5. Misty, the ethnic mix of being raised first gen. in Brooklyn, living and working in Manhattan, spending summers in small towns, two years on the Jersey Shore, odd other wonderful places in cluding what Floridians call “New York South” … I have saved a wonderful cache of expressions, great body language and can say something nice or not so nice in five languages. I love the sh$t my characters say 🙂
    florence fois`s last blog was …Let’s Play a Game …

  6. Dale Mayer says:

    Hi Misty,

    Love the blog! I don’t dare find a cant dictionary (love that term) I’d be lost forever. I love cool words as it is.
    Unfortunately, I do find ‘Crap!’ showing up way to often in my work. I think it’s my writer mentality inserting itself based on whatever is going on in MY world instead of the characters though. Lol.

    Then again, my characters let fly whatever is on their minds too! 🙂
    Dale Mayer`s last blog was …2 books up for free for the 22nd and the 23rd of February!!

  7. Misty Evans says:

    Dale, your characters always hit the right note with their dialogue and actions, so whatever channeling you’re doing from real life to fiction is working!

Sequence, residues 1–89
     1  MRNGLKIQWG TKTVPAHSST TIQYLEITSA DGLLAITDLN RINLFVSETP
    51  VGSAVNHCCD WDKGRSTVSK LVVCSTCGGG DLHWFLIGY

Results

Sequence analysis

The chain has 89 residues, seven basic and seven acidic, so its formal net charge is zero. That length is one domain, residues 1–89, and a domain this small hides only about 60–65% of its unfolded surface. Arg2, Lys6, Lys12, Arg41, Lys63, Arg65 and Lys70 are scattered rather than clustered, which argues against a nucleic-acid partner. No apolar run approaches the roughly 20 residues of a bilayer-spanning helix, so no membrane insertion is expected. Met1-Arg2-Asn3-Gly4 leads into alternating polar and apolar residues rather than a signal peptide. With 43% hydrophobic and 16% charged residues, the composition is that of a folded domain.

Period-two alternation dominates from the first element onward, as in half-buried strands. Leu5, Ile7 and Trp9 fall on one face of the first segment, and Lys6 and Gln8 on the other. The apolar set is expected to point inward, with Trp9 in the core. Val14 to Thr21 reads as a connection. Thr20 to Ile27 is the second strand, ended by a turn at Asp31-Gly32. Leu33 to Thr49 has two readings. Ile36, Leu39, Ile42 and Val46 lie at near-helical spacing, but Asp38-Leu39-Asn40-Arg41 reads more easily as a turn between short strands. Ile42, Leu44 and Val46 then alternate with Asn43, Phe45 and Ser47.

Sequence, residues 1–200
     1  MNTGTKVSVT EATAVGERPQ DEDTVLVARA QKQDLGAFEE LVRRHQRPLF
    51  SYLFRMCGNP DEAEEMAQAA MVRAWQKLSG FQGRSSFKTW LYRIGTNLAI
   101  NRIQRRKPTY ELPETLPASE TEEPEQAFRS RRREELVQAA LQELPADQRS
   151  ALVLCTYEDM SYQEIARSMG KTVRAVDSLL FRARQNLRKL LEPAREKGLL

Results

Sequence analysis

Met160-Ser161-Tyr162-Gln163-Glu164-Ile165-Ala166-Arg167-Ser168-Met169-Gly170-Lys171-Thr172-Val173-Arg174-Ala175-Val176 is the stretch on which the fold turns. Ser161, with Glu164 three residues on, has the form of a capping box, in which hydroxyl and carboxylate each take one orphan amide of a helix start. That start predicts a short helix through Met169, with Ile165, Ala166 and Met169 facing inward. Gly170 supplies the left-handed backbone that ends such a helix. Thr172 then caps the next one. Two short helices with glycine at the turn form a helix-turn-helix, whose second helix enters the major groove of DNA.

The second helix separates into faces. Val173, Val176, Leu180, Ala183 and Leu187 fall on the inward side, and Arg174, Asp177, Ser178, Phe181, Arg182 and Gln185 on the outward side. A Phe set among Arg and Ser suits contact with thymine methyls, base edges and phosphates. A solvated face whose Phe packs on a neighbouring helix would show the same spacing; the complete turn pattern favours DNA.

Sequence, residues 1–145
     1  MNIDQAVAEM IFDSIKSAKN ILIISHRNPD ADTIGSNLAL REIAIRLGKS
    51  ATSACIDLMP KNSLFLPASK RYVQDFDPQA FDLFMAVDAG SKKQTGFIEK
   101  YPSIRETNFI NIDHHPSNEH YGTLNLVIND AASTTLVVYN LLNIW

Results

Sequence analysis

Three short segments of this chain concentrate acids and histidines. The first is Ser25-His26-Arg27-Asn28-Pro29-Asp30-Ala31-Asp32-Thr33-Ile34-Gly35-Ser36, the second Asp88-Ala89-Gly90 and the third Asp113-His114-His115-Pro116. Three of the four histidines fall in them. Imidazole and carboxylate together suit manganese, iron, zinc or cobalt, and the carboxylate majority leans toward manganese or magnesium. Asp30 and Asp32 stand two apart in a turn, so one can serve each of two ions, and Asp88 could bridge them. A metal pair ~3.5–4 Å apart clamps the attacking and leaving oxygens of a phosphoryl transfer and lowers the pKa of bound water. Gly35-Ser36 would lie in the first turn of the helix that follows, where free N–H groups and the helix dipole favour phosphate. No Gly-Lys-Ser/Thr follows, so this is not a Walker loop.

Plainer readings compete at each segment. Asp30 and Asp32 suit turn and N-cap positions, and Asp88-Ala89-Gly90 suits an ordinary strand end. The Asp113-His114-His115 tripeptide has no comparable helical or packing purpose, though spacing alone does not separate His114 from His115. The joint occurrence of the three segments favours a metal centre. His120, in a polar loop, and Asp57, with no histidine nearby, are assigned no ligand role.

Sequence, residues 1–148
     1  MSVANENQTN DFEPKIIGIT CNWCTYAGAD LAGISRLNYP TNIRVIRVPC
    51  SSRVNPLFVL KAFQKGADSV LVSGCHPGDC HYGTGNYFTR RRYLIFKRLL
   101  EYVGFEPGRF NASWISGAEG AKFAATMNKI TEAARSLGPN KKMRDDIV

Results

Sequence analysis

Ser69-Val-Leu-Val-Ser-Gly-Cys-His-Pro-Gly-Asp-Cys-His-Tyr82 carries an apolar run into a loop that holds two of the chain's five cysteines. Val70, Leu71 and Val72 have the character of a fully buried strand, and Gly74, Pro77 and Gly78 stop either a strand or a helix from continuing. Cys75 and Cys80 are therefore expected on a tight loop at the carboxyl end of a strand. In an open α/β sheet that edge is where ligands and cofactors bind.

Misty Evans`s last blog was …Hello world!

  8. Brenda Hyde says:

    We have so many catch phrases at our house— the one I say that bugs my daughter to no end is what I say when she stubs her toe, trips or anything where she bumps something which is ALL the time. “Just rub it and it will feel better.” LOL

    My sons who are 17 and 18 say things like “Why you mad, bro?” Which can be shortened to “Mad, bro?” They say this to me all the time, and I point out that I am not a “bro”.

    I remember my mom always saying “Well, if (fill in name) jumped off a bridge, would you do it too?” I heard that a lot when asking why I couldn’t do or buy something. LOL
    Brenda Hyde`s last blog was …The Harvest Moon Gazette

    • Misty Evans says:

      Brenda, when I was little and would stub my toe, my dad would say, “Do that again so I can see it.” Steam would come out my ears!

      My boys say the ‘bro’ thing too to each other. And “was up?” They also call me Dude on occasion. I usually don’t answer. LOL.

      Thanks for stopping by!